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Pflügers Archiv - European Journal of Physiology

, Volume 412, Issue 4, pp 427–433 | Cite as

Effect of acute metabolic acidosis on transmembrane electrolyte gradients in individual renal tubule cells

  • F. -X. Beck
  • M. Schramm
  • A. Dörge
  • R. Rick
  • K. Thurau
Transport Processes, Metabolism and Endocrinology; Kidney, Gastrointestinal Tract, and Exocrine Glands

Abstract

We studied the effect of acute metabolic acidosis on potassium, sodium and chloride gradients across the apical membrane of proximal and distal tubule cells by determining electrolyte concentrations in individual cells and in tubule fluid employing electron microprobe analysis. Cellular measurements were performed on freeze-dried cryosections of the renal cortex, analysis of tubule fluid electrolyte concentrations on freeze-dried microdroplets of micropuncture samples obtained from proximal and from early and late distal collection sites. Acidosis (NH4Cl i.v. and i.g.) induced a substantial rise in plasma potassium concentration without significant effects on cell potassium concentrations. Potassium concentrations along the surface distal tubule were also unaltered; thus the chemical driving force for potassium exit from cell to lumen was not affected by acidosis. In all but intercalated cells acidosis markedly increased cell phosphorus concentration and cell dry weight indicating cell shrinkage and thus diminution of cell potassium content. Because the increase in intracellular chloride concentration exceeded the increase in plasma chloride concentration, the chemical chloride gradient across the contraluminal membrane was markedly depressed by acidosis.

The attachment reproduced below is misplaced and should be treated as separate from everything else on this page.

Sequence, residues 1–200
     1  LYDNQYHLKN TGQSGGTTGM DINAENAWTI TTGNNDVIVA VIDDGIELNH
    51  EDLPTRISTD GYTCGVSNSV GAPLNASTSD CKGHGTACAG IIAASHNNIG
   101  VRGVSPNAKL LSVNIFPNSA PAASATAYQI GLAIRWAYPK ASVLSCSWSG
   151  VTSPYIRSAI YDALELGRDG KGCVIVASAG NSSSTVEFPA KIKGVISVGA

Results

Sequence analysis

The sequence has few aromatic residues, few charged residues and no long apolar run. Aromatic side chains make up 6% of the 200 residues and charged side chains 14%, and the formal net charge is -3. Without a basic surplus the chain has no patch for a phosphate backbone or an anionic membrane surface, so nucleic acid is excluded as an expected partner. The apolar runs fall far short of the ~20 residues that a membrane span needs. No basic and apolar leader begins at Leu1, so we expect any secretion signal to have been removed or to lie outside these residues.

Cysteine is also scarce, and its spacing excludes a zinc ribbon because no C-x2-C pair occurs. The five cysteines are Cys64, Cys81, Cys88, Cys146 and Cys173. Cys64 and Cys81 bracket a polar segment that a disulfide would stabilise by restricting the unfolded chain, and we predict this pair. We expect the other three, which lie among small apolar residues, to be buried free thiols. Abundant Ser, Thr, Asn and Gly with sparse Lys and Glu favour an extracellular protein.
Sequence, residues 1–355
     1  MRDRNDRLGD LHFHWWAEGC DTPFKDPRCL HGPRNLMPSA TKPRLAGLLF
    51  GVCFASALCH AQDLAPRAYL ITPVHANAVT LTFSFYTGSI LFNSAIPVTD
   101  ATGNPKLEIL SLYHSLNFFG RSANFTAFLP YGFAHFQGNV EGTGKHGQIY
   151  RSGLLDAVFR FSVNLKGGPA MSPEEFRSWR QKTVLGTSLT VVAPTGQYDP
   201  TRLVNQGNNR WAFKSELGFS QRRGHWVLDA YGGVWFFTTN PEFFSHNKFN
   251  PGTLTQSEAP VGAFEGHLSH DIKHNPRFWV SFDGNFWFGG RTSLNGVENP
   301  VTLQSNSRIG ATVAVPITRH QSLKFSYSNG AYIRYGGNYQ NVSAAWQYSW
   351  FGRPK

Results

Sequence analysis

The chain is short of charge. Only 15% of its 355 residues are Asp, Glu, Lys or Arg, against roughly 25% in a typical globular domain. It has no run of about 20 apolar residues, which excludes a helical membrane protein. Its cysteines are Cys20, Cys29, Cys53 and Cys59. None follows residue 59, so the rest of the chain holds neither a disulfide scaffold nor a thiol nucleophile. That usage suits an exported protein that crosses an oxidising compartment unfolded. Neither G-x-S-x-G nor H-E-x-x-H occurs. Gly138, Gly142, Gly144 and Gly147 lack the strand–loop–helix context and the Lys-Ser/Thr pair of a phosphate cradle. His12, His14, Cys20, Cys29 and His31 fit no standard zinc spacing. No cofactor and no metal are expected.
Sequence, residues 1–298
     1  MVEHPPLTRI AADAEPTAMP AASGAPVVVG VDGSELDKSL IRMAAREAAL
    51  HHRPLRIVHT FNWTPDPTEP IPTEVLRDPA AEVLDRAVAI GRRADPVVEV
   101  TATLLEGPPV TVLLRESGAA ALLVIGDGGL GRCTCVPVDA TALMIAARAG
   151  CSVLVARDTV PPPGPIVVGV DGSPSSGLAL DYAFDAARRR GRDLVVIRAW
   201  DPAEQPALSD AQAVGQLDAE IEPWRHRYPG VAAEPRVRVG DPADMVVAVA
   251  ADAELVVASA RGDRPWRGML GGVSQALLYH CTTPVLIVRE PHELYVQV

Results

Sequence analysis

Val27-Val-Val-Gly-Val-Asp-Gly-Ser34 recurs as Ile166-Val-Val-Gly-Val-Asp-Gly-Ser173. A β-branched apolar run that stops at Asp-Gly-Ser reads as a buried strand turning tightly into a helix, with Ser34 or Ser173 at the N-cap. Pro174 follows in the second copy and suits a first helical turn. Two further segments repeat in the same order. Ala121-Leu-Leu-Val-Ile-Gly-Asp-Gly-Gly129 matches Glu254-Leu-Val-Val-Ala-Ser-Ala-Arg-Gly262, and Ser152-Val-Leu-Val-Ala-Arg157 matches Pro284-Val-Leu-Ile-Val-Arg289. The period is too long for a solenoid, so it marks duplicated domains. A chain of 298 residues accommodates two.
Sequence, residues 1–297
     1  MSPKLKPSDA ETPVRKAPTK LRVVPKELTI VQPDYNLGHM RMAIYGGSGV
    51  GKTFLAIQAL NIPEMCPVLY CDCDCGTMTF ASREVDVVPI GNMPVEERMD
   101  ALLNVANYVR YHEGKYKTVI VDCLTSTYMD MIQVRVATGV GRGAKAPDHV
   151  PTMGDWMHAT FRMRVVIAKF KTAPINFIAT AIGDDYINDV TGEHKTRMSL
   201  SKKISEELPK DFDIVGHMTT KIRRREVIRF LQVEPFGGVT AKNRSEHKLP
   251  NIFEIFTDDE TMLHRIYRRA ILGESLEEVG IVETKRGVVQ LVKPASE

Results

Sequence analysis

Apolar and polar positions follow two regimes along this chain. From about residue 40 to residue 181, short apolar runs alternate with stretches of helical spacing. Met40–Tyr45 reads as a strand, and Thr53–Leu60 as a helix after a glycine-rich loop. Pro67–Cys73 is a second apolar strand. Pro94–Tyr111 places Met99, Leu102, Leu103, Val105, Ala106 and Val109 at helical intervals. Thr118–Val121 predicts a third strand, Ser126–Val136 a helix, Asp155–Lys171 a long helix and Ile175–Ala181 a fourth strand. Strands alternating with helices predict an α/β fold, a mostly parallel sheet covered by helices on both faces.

Key words

Acute metabolic acidosis Renal distal electrolyte transport Renal cell electrolyte concentrations Individual distal tubule cells Transmembrane electrolyte concentration gradients Electron microprobe analysis 

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Copyright information

© Springer-Verlag 1988

Authors and Affiliations

  • F. -X. Beck
    • 1
  • M. Schramm
    • 1
  • A. Dörge
    • 1
  • R. Rick
    • 2
  • K. Thurau
    • 1
  1. 1.Physiologisches Institut der Universität MünchenMünchen 2Federal Republic of Germany
  2. 2.Medical School, Department of Physiology and BiophysicsUniversity of Alabama in BirminghamBirminghamUSA

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